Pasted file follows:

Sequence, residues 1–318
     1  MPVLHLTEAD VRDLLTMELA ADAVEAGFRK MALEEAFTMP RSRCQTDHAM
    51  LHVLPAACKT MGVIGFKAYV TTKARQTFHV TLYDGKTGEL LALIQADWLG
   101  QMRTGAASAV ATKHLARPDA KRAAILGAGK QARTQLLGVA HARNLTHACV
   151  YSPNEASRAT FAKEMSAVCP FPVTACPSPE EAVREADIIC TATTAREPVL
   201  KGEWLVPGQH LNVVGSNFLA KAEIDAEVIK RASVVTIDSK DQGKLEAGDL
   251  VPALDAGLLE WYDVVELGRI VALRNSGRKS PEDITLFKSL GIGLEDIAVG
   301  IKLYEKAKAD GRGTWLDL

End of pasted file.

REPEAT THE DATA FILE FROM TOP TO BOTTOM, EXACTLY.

Sequence, residues 1–318
     1  MPVLHLTEAD VRDLLTMELA ADAVEAGFRK MALEEAFTMP RSRCQTDHAM
    51  LHVLPAACKT MGVIGFKAYV TTKARQTFHV TLYDGKTGEL LALIQADWLG
   101  QMRTGAASAV ATKHLARPDA KRAAILGAGK QARTQLLGVA HARNLTHACV
   151  YSPNEASRAT FAKEMSAVCP FPVTACPSPE EAVREADIIC TATTAREPVL
   201  KGEWLVPGQH LNVVGSNFLA KAEIDAEVIK RASVVTIDSK DQGKLEAGDL
   251  VPALDAGLLE WYDVVELGRI VALRNSGRKS PEDITLFKSL GIGLEDIAVG
   301  IKLYEKAKAD GRGTWLDL